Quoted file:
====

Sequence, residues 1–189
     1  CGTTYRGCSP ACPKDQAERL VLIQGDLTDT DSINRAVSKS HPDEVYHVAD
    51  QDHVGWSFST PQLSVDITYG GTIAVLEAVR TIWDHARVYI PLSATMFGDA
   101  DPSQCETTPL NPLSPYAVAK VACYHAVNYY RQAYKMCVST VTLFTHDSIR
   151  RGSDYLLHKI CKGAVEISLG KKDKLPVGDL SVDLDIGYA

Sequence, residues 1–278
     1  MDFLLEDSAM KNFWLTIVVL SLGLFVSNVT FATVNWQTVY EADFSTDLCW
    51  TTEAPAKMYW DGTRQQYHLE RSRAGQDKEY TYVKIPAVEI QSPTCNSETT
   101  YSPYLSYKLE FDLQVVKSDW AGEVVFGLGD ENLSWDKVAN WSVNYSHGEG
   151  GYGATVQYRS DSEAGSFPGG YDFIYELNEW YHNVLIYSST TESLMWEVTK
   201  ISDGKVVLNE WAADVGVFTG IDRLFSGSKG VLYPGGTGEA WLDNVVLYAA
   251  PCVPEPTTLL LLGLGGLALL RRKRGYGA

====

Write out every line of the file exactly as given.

Sequence, residues 1–189
     1  CGTTYRGCSP ACPKDQAERL VLIQGDLTDT DSINRAVSKS HPDEVYHVAD
    51  QDHVGWSFST PQLSVDITYG GTIAVLEAVR TIWDHARVYI PLSATMFGDA
   101  DPSQCETTPL NPLSPYAVAK VACYHAVNYY RQAYKMCVST VTLFTHDSIR
   151  RGSDYLLHKI CKGAVEISLG KKDKLPVGDL SVDLDIGYA

Sequence, residues 1–278
     1  MDFLLEDSAM KNFWLTIVVL SLGLFVSNVT FATVNWQTVY EADFSTDLCW
    51  TTEAPAKMYW DGTRQQYHLE RSRAGQDKEY TYVKIPAVEI QSPTCNSETT
   101  YSPYLSYKLE FDLQVVKSDW AGEVVFGLGD ENLSWDKVAN WSVNYSHGEG
   151  GYGATVQYRS DSEAGSFPGG YDFIYELNEW YHNVLIYSST TESLMWEVTK
   201  ISDGKVVLNE WAADVGVFTG IDRLFSGSKG VLYPGGTGEA WLDNVVLYAA
   251  PCVPEPTTLL LLGLGGLALL RRKRGYGA